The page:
An astounding 150,000 people descended on Las Vegas in January of this year to attend the International CES Show. Over 3,000 vendors rolled out their latest products for the consumer electronics marketplace.
Exhibitors and attendees alike were abuzz about the rapidly evolving smarter home – a concept that calls for connecting not only your mobile device to the web, but also your TV, refrigerator, washing machine, thermostat and even your smoke detector.
The analyst firm Parks Associates forecasts that more than 8 billion devices will be connected to the home network by the end of 2015. The breakthrough that’s driving this mass adoption – cloud computing. Cloud is quickly becoming the common platform to connect these disparate devices into an “Internet of Things.”
With cloud as the common foundation of the smarter home, energy use and consumption is monitored and controlled. Your thermostat adjusts to take advantage of external influences; lights, locks, appliances and home security systems can be turned on and off remotely.
The term “Internet of Things” refers to uniquely identifiable objects (things) and their virtual representations in an Internet-like structure. Equipping all objects in the world with minuscule identifying devices could be transformative of daily life.
However taking this one step further by connecting these devices to the cloud adds a new dimension in consumer’s relationships with the products they bring into their lives.
But do we just stop at the products within our homes? Or should we include other products and services that are also a part of daily life. Connected cars seemed to capture the imagination of everyone attending CES. Connected vehicles are cars that access, consume, create, enrich, direct and share digital information between businesses, people, organizations, infrastructures and other vehicles.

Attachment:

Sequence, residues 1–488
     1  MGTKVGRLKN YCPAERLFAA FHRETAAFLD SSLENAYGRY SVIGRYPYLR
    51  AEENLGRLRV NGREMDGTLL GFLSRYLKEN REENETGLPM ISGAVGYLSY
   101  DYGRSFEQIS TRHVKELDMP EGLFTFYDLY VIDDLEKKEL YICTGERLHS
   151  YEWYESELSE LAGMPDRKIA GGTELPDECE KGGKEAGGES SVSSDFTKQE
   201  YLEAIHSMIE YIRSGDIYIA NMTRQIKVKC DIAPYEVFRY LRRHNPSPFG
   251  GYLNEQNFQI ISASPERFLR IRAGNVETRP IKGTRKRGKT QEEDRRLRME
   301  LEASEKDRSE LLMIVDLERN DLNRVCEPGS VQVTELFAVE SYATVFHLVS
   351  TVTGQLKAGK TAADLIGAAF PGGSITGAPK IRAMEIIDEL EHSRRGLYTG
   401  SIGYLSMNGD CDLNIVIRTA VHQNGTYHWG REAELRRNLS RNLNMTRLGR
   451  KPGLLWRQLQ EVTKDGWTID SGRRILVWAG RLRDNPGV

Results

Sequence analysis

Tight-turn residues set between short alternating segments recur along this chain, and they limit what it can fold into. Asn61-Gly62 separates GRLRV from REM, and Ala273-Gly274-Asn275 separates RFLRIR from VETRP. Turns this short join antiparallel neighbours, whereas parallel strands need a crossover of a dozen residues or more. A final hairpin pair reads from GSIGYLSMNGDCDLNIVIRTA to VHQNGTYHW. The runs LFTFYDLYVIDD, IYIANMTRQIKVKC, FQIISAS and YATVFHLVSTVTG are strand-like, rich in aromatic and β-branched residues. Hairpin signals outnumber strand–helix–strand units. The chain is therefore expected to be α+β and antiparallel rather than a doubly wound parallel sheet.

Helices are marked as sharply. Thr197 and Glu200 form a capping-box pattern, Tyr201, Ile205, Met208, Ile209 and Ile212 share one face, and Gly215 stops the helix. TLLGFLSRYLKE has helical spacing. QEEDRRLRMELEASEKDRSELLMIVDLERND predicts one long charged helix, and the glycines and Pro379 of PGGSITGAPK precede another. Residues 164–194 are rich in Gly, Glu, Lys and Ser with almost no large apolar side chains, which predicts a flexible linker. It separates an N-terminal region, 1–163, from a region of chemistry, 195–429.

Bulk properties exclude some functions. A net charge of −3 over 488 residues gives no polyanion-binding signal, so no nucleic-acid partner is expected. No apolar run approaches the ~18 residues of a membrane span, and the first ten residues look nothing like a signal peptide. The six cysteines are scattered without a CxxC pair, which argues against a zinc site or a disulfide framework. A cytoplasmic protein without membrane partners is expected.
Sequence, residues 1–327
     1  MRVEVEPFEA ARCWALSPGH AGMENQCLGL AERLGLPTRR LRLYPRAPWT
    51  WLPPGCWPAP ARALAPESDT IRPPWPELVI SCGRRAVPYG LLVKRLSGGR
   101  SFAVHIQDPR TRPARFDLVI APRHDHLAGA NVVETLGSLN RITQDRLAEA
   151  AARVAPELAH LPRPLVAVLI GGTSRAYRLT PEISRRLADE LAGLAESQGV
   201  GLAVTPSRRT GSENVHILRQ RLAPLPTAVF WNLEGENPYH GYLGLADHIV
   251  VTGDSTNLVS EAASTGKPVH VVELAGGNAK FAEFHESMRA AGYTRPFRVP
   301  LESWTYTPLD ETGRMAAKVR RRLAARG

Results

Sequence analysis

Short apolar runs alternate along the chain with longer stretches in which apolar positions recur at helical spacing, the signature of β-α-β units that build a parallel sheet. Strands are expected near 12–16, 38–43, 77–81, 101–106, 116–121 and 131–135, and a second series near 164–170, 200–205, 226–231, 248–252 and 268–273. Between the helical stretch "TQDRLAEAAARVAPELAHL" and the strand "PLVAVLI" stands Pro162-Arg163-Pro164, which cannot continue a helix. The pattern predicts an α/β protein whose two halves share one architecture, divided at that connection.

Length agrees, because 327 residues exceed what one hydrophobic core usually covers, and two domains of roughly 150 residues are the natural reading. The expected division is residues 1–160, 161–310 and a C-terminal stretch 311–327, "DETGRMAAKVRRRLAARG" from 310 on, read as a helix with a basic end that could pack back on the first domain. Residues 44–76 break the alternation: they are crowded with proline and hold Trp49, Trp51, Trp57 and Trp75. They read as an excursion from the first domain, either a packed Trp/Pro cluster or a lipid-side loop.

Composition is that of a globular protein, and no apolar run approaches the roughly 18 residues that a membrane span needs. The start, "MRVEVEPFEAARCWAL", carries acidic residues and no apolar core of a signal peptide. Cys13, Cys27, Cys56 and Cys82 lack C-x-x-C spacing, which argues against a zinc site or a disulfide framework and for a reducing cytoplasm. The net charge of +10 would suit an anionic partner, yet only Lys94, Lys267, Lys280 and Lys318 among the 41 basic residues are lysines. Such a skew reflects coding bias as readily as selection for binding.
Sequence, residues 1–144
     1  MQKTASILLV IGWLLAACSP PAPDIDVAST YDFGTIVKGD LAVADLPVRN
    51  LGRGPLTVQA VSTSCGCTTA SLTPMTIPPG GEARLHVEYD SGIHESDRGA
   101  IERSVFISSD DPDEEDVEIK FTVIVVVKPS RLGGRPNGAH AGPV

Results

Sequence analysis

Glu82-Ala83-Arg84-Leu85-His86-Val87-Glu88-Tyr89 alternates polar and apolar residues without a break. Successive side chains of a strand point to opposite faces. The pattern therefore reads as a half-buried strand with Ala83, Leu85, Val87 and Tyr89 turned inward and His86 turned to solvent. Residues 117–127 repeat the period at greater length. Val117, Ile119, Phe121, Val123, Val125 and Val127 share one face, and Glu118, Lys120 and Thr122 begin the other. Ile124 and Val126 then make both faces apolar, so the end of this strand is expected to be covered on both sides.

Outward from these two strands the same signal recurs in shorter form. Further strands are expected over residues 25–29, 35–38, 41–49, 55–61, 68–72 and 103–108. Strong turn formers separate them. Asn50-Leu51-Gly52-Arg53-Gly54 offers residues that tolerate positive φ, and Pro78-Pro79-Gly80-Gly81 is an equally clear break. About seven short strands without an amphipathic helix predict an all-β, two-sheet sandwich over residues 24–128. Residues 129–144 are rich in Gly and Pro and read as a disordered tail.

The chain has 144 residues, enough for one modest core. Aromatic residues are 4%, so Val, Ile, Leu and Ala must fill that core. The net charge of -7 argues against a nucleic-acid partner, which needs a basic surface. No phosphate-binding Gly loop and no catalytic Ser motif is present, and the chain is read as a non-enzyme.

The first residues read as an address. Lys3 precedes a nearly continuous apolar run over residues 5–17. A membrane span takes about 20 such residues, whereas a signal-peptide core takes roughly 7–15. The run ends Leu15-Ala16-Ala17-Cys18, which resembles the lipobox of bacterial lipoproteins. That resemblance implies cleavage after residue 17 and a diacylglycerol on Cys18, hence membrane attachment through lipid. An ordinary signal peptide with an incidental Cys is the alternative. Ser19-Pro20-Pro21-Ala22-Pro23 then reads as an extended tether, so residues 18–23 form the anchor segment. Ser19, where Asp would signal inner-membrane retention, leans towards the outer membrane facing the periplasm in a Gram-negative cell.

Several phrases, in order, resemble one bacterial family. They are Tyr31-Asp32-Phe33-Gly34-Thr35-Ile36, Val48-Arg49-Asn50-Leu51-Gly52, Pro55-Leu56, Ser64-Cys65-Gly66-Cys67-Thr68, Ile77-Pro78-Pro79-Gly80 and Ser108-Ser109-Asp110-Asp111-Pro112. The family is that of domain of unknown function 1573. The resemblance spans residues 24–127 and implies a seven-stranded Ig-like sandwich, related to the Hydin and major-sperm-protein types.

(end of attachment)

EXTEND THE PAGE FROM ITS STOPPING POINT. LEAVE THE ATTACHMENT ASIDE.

Ford announced the opening of their development platform for connected cars. The AppLink API lets developers create mobile apps for iOS or Android and have them interface with Ford’s Sync voice controlled interface inside the car.
At the same time, Audi announced that they will roll out cars with 4G LTE connectivity to deliver streaming audio, and social media feeds. Other common features include automatic crash response, voice activated navigation, spoken text messages and mobile concierge services that make restaurant reservations, order flowers or book flights.
All this while I’m driving in my car you say? Don’t worry companies like Google and Lexus are using the connected car concept to take you out of the driver’s seat … Both companies showcased their continued focus on self-driving cars that allow the passenger to involve themselves in all the information and media streaming into their car as they drive down the Internet superhighway.
With everything interconnected our lives become easier, software and machines cooperate and coordinate making our transition from home, to car, to work seamless and simpler. All these smarter products will benefit both consumers and product manufacturers with both parties knowing the status of any given product at any given time. Smarter consumers will weigh their product choices carefully to ensure they integrate and cooperate with the rest of the existing ecosystem.
In the future product clouds will be the norm, however today brands and customers seem further apart than ever. Today’s consumers are dynamic; with the acceleration of mobile technology they are no longer tied to static desktop systems. More time is spent interfacing with mobile than with any other traditional media; TV, newspapers, magazines and radio.
Today’s smarter consumers want to interface with brands from wherever they are, whenever they’re needed. Smartphones provide more communication methodologies than any other device that preceded them. Both brands and consumers can utilize high resolution cameras, GPS sensors, Near Field Communication chips, Bluetooth and a bevy of other smartphone capabilities to glean and share information.
Many brands successfully made the transition from traditional media to the Internet age, but now the requirements have changed. Some brands like Starbucks have made significant inroads in the mobile space, but many brands are unsure as to how to engage this emerging and rapidly growing consumer segment.
Today’s social mobile consumers are not easily reached through traditional media channels. Brands, OEMs, retailers and service providers are faced with the challenge of mobilizing, socializing and personalizing their companies to appeal to today’s hyper-connected consumer.
If you're interested in more information about connected consumers and product clouds please feel free to download our recently published whitepaper and watch the associated webinar.